Kenya has Friday launched the Human Papillomavirus (HPV) vaccine into the country’s routine immunisation programme. Around 800,000 girls across Kenya will be protected against cervical cancer annually, Sicily Karuiki Cabinet Secretary for Health announced.
The vaccines, provided through support from Gavi, the Vaccine Alliance, will aim to reach all girls aged 10 in two doses administered six months apart.
“Scaling up access to quality health services, particularly for women and girls, is a critical part of Kenya’s Big Four Action Plan,” said Sicily Karuiki. “Cervical cancer is the leading cause of female cancer deaths in Kenya. Working with partners like Gavi, UNICEF and WHO to introduce the HPV vaccine into our routine immunisation programme is an important step forward in ensuring the health and long-term prosperity of the Kenyan people.”
The East African region has the highest burden of cervical cancer in the world. In Kenya, where HPV is the number one cause of cancer in women between the ages of 15 and 44, approximately 5,250 new cases are diagnosed annually.
”Today we celebrate Kenya’s commitment to protecting its girls and safeguarding their futures,” said Dr Seth Berkley, CEO of Gavi, the Vaccine Alliance. “Mothers, grandmothers, daughters, wives – too many women’s lives in the poorest countries are cut short by the scourge of cervical cancer, and the greatest tragedy is that the vast majority of cases are entirely preventable via routine immunisation with the HPV vaccine.”
Dr Rudi Eggers, WHO Country Representative for Kenya said cancer not only affects the patient. “One person affected by any form of cancer affects the whole community, a constituency and the entire nation. Therefore introduction of any additional effective, safe and scientifically sound tool that protects people from cancer is a good decision.” said Rudi.
HPV is highly transmissible and infection is very common. Of the more than 100 types of HPV, at least 14 are cancer-causing, and two (types 16 and 18) are responsible for 70% of cervical cancer cases. In developing countries like Kenya, where women often lack access to cancer screening and treatment services, immunising girls before exposure to HPV is critical. Safe and effective HPV vaccines can prevent up to 90% of all cervical cancer cases.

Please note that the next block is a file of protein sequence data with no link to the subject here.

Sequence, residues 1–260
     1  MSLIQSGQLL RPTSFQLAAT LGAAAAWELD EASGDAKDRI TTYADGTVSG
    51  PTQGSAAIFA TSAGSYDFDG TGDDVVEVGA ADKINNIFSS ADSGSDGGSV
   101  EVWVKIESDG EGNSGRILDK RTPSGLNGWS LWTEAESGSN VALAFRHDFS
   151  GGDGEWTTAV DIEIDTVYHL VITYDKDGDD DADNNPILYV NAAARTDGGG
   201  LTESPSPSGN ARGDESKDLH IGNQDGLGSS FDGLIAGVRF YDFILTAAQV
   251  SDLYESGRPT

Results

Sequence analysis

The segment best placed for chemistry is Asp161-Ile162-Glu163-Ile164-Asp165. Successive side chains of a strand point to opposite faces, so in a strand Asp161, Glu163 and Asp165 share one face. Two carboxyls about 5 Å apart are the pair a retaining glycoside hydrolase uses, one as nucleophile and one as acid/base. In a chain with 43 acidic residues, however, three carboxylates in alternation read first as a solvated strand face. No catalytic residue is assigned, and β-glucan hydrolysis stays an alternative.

Effective implementation and introduction of new vaccines into routine immunisation programmes requires collaboration to raise awareness and generate demand.
“Nearly all cases of cervical cancer can be prevented through vaccination, potentially saving around 3,000 women’s lives in Kenya every year,” UNICEF Kenya Representative Maniza Zaman said. “In order to achieve this, we need to dispel myths and misconceptions that could negatively impact vaccine uptake. UNICEF is supporting the Government to provide clear and evidence-based information to people about the benefits, safety and efficacy of the HPV vaccine.”
To date, Gavi has supported the immunization of 3.9 million girls against HPV worldwide and helped 14 countries introduce HPV vaccines nationally – Rwanda, Honduras, Uganda, Bolivia, Sri Lanka, Guyana, Tanzania, Zimbabwe, Ethiopia, Senegal, Malawi, Solomon Islands, Zambia, and Kenya. The Alliance aims to reach more than 13 million girls with the HPV vaccine by the end of 2020.